Illinois Department of Transportation


Illinois' transportation chief has delivered a tough review of the state's capacity to solve problems, saying it's planning ``for yesterday's transportation system.''  

Randy Blankenhorn has served as the secretary of the Illinois Department of Transportation for seven months.  

He gave a speech in Chicago Wednesday that cited traffic congestion and sluggish movement of freight as examples of Illinois being too focused on the condition of state roads and bridges. He said the state is failing to look at the bigger picture.  

flickr/Benjamin Goodger

It's been 30 years since Illinois' mandatory seatbelt law took effect.   The latest numbers estimate that 95 percent of the state's motorists are using their safety belts. The goal is to try to persuade that other five percent:

State Transportation Secretary Randy Blankenhorn says males in their early 20's are primarily the ones who still don't buckle up.   

Amanda Vinicky/WUIS

Gov. Bruce Rauner made an appearance Tuesday at an Illinois Department of Transportation hearing on infrastructure needs.

IDOT is traveling all over the state to build support for a new construction program, and Rauner used his own travel experiences as an example.

As is often good practice when giving a speech, the governor started his remarks with a joke.

State of Illinois

The state official who led an investigation into political hiring under former Governor Pat Quinn's administration is resigning.

Executive Inspector General Ricardo Meza is stepping down this month, after more than four-and-a-half years investigating allegations of misconduct in the governor's office, 40 state agencies and public universities.

Much of what Meza's office does is kept secret, like investigations that don't produce findings of wrongdoing. Even some of those that do can be kept confidential.

Illinois Department of Transportation

Gov. Bruce Rauner's nominee to head the Illinois Department of Transportation was arrested for drunken driving in 2004.  

The Springfield bureau of Lee Enterprises newspapers  reports Randy Blankenhorn failed a blood alcohol content test during a traffic stop in Sangamon County.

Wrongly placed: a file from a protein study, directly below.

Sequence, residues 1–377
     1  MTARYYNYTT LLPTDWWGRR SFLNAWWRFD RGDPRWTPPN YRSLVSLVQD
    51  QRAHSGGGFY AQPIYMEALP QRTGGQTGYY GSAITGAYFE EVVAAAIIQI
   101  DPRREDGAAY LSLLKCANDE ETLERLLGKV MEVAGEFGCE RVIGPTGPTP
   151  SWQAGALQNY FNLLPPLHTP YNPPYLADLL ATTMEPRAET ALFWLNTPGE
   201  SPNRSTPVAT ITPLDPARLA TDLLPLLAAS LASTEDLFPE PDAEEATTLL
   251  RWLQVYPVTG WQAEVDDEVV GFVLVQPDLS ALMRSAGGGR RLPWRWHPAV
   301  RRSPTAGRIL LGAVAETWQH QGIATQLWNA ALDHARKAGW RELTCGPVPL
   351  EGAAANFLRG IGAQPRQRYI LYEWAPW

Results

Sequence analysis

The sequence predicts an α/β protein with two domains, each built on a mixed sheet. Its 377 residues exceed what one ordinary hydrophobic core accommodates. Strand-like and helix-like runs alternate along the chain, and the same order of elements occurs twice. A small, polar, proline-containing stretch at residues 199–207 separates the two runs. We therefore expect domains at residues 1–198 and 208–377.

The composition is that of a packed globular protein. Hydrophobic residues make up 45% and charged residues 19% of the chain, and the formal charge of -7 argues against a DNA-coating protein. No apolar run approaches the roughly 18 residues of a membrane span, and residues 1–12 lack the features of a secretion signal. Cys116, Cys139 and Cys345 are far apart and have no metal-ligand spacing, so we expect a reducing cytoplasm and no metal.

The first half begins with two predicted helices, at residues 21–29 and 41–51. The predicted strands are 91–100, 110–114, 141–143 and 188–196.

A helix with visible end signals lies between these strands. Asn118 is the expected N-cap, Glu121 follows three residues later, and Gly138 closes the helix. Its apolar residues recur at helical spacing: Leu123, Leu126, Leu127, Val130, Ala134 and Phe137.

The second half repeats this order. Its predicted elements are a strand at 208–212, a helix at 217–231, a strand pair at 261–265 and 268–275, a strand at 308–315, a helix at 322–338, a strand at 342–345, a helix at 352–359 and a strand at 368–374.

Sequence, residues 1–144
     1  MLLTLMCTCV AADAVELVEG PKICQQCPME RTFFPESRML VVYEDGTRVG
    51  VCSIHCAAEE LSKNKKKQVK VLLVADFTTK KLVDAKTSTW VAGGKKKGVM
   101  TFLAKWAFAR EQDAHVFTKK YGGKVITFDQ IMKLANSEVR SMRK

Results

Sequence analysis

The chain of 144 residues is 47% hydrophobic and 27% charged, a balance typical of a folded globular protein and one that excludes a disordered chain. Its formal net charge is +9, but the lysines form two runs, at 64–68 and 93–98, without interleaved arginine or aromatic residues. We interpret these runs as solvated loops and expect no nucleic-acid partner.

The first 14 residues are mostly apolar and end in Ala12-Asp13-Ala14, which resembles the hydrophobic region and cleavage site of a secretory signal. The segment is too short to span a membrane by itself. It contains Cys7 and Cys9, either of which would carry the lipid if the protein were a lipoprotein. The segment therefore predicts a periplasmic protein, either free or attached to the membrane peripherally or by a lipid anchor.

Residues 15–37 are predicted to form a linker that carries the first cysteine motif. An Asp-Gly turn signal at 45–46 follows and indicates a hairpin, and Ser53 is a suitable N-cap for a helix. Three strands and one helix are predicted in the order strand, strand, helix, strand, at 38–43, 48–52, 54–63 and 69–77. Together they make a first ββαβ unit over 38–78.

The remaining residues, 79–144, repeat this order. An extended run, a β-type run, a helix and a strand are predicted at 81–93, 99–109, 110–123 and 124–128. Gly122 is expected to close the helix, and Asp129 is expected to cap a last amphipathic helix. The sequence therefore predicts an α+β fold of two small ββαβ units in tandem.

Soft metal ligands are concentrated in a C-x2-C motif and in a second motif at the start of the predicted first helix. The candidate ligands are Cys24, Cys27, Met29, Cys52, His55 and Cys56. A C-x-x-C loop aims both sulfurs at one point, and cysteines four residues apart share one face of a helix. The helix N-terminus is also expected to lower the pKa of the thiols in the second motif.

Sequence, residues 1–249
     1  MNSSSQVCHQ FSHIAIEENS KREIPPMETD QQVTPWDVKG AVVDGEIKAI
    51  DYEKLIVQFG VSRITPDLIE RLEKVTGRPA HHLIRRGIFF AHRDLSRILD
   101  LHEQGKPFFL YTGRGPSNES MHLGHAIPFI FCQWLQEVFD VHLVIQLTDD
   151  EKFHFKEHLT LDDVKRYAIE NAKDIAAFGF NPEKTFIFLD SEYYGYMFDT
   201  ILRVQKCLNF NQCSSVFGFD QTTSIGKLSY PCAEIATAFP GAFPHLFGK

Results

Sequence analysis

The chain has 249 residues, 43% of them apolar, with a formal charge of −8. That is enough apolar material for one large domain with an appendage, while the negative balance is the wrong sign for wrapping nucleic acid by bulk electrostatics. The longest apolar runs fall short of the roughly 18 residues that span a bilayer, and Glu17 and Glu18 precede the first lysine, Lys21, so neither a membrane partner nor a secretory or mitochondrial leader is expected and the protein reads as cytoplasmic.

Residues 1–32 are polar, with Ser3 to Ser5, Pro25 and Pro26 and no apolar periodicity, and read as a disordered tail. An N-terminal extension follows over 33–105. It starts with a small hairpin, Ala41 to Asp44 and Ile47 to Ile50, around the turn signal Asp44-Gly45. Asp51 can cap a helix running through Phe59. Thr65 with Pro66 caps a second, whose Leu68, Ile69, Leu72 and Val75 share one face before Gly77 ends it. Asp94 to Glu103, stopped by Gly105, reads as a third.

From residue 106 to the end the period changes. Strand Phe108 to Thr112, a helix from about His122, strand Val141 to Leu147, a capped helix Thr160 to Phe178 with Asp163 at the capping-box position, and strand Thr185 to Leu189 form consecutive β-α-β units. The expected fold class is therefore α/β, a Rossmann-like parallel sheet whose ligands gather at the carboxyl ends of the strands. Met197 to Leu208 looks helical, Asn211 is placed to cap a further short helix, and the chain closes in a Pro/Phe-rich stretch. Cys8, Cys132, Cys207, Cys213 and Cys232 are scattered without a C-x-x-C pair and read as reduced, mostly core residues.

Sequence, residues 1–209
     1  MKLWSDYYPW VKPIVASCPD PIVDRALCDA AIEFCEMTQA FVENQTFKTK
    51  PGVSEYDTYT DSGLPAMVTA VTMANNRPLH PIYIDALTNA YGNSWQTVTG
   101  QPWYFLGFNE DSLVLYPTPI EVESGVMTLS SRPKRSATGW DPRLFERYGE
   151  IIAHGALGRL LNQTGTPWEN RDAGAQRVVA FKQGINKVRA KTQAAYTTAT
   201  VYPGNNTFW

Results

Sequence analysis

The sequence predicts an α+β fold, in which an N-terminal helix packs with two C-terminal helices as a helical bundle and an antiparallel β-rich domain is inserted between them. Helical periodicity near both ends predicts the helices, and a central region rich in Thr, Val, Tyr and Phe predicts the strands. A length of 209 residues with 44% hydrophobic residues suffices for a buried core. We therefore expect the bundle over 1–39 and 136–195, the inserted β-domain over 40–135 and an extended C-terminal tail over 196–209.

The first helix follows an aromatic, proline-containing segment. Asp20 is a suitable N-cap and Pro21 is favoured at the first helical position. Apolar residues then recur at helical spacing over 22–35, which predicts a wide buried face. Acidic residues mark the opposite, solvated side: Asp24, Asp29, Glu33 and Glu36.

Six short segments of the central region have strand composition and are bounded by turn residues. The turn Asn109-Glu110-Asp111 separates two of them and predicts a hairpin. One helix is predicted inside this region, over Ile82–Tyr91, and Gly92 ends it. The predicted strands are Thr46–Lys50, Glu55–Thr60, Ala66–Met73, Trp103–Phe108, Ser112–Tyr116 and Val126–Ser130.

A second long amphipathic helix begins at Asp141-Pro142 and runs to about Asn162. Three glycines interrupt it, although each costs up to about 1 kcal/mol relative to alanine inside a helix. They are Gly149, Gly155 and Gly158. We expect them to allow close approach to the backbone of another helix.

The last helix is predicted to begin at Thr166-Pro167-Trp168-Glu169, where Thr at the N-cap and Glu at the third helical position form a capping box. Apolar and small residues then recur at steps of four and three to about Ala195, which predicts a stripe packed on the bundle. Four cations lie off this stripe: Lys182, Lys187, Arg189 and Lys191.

According to court records, Blankenhorn pleaded guilty to DUI and received a year of supervision and a $795 fine.  

Amanda Vinicky

Rail advocates are concerned Governor Bruce Rauner's executive order that puts a hold on non-essential state spending could be the end of the line for two projects that have been chugging along.

After long negotiations, Illinois has agreements to extend two passenger rail routes. One would to go Rockford, the other to the Quad Cities.

Little to no construction has been done on either so far, but head of the Midwest High Speed Rail Association Rick Harnish says 2015 was supposed to be the year.


A federal judge has ordered a court-appointed monitor to investigate hiring at Gov. Pat Quinn's Department of Transportation.  

Magistrate Judge Sidney Schenkier told attorneys Wednesday that the monitor would help compliance of a decades-old political hiring ban.  

The ruling stems from a lawsuit filed by an anti-patronage attorney in April alleging improper hiring practices.  

Attorneys for Quinn's administration had said a separate monitor wasn't necessary and a state inspector general had completed a detailed probe and changes were made.  


Attorneys are returning to court in a federal lawsuit over hiring in Gov. Pat Quinn's Department of Transportation.